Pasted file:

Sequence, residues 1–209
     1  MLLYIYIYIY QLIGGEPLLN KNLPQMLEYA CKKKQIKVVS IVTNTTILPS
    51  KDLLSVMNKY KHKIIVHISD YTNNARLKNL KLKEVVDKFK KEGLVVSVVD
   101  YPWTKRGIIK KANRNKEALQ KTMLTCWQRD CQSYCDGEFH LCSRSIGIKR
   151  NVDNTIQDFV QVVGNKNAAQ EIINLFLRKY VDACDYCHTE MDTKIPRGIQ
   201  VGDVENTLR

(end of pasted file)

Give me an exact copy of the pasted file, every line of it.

Sequence, residues 1–209
     1  MLLYIYIYIY QLIGGEPLLN KNLPQMLEYA CKKKQIKVVS IVTNTTILPS
    51  KDLLSVMNKY KHKIIVHISD YTNNARLKNL KLKEVVDKFK KEGLVVSVVD
   101  YPWTKRGIIK KANRNKEALQ KTMLTCWQRD CQSYCDGEFH LCSRSIGIKR
   151  NVDNTIQDFV QVVGNKNAAQ EIINLFLRKY VDACDYCHTE MDTKIPRGIQ
   201  VGDVENTLR